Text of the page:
My Letter to the Democratic Party

So, a few years ago, I was sent a request from the Department of Education to take a survey for the White House about how I felt about education.  Being a Title I teacher at the time, I sent them a long and detailed response.  Awhile later, I sent some letters to senators and others about reproductive rights, education and environmental concerns.  I wanted to feel like I was part of the greater good, however I could be.   However, what that does is get subscribed to who knows how many mailing lists, all begging for money.  Constantly.

Recently, I have been bombarded, sometimes several times a day, with emails begging for donations to “combat the Tea Party.”  One day I got EIGHT emails.  I don’t want to give them money to begin with, even if I did have any.  I voted for Obama the first time, because while I liked McCain fine, as my friend put it, “Sarah Palin can’t be the first female anything.”  I couldn’t bear the thought of him dying and Palin having any power.  And I hoped that maybe something would change.  Mainly, what I wanted was changes to education–removing No Child Left Behind so that teachers could do their jobs, for instance.  I wanted greater care taken with the environment.  I wanted tightening and better funding of social services and services for child abuse, poverty and childcare for low income families.  I was bitterly disappointed to see “Race to the Top” appear, (which was NCLB v2.0)  and nothing else.  Later, we got the Common Core, which, like so many things, was a good idea that was disastrous upon implementation.

But, I tried, and hoped for the best.  I wanted healthcare reform, but was disappointed with the results.  It’s certainly a step forward, I think, but not at all what I wanted.  (And don’t tell me it’s socialist healthcare.  It’s not.  I HAD socialist healthcare when I lived in Asia, and it was the best healthcare I ever had.  I want it back.)

The second election…I really should have voted for Gary Johnson, because he was who I actually agreed with about most things, but I worried about who would actually win.  I resolve to vote my conscience from here on out. I am deeply disappointed in both parties for their lack of functionality.  My kindergartners functioned more cohesively.

I also HATE being asked for money.  I hate being pestered about charities, I hate being begged for money for politics, hate being pestered to buy things I don’t want.  I don’t care what you do with your money, but I know where I want mine going.  That’s schools, domestic violence programs, and programs for at-risk kids.

So, here we are. When yet again today I got three emails about giving the Democrats money, I unsubscribed from the list.  They first sent me a link to watch a video about being a Democrat, in case I forgot, I suppose, and an offer of a free I (heart) Obamacare! bumper sticker.  I declined, since I don’t feel like being punched in the face when I go to the grocery store.  (It’s not a popular program in my town, sorry)   There was a place to add a note, so I wrote this:  “I am tired of being pestered for money.  As a former Title I teacher, I am deeply disappointed in the lack of education reform; teachers receive so little support with the requirements and budget cuts that many strong teachers are fleeing.  As a parent, I am deeply disappointed in the lack of environmental protections, and worry for my children’s futures.  Thus, I am taking the requested money and using it to buy school supplies for local schools, where I know the money will be put to good use.”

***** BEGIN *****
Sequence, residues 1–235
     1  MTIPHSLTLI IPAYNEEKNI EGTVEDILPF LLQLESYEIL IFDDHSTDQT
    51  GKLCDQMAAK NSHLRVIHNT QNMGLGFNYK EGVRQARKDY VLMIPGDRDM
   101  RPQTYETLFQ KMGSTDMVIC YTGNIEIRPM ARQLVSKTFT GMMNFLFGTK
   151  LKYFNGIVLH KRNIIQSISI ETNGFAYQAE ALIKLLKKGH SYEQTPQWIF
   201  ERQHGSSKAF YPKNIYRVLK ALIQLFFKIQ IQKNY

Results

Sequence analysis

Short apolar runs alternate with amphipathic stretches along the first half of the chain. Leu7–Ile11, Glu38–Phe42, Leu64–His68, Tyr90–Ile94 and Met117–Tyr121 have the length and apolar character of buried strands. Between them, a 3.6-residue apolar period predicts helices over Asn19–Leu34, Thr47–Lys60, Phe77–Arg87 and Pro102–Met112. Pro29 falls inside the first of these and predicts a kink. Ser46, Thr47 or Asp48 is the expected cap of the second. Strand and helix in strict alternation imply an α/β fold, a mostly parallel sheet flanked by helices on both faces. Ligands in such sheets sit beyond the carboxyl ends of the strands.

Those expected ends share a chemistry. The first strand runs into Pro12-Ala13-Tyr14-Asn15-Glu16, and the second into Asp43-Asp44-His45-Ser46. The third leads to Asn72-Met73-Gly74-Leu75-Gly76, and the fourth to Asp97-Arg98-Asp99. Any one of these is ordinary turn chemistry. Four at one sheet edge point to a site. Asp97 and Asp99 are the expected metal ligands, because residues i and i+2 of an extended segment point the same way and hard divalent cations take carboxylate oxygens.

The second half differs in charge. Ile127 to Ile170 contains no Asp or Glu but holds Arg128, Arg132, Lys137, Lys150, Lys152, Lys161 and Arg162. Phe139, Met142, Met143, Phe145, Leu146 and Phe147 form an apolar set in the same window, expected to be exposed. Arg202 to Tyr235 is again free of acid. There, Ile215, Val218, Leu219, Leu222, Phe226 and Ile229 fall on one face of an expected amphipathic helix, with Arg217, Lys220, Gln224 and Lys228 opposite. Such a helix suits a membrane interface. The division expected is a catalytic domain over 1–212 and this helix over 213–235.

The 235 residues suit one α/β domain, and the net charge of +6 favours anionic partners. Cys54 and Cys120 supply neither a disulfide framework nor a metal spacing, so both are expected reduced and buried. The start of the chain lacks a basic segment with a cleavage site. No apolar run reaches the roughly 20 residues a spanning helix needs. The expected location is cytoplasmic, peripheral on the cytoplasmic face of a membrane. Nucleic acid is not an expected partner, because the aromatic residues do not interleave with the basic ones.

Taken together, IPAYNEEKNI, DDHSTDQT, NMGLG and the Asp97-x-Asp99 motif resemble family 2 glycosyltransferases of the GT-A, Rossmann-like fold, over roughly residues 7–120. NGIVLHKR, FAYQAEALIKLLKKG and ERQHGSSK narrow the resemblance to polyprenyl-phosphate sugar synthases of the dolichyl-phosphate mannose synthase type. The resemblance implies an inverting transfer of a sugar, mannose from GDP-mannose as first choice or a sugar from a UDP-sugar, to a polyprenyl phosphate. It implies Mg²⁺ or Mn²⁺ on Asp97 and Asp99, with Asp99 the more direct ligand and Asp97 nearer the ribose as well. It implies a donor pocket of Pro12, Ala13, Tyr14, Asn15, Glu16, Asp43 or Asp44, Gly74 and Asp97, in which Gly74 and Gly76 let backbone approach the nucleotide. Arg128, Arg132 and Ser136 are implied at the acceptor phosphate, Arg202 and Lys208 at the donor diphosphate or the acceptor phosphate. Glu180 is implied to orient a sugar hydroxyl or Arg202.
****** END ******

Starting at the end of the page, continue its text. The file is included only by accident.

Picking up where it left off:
I feel better now.  I’m sure they’ll listen to it as much as they listened to my other letters, which is not at all, but I feel better anyway.  (Although I give credit to Senator Mark Udall, who did actually respond to everything I wrote, so I’ll vote for him again.)

My father wrote a similar letter to the Republican party, when they mailed him a letter which said, “We noticed that you haven’t donated any money to us this year. here’s a envelope.”  He replied, “I’m surprised that the ‘fiscally conservative’ party who wants to protect my money thinks they’re entitled to it.  I’m pretty sure the Democratic party is free.”

Is it too much to hope for that we might one day have a functional third party in the government?


3 responses to “My Letter to the Democratic Party

  1. I agree with pretty much all of this, although I am likely to still vote democrat, because I’m just usually terrified of the alternative, even if I’m not thrilled with the democrats either. I’d love for a third party to be viable. It almost happened with Ross Perot, before he totally botched it. So, maybe it could happen again. I just feel rather powerless. I once told one of the people calling asking for donations that I don’t have money, and that’s why I’m a democrat. It’s not quite true, but it got them off the phone.

    It really frustrates me that we can’t have things that seem so basic and aren’t major issues in other countries. People are more upset by their tax dollars going toward another person’s health care than they are at the corporations that pay people so little they can’t afford insurance. In addition to the causes you’ve mentioned, which I wholeheartedly agree with, I wish we were doing more to improve our infrastructure. We have so many bridges that really need to be repaired. It’s really frightening that we’re not doing anything about that.

    You’re right about the bumper sticker. I used to use them. My old Toyota Echo had one that said, “Love a Democrat. Who ever heard of a good piece of elephant.” I got my tires slashed. Another time I got a screw in my tire. And sometimes I’d get honked at on the road so people could flip me the bird and make sure I didn’t miss it.

    Sorry for rambling so much. I do that when I’m tired.

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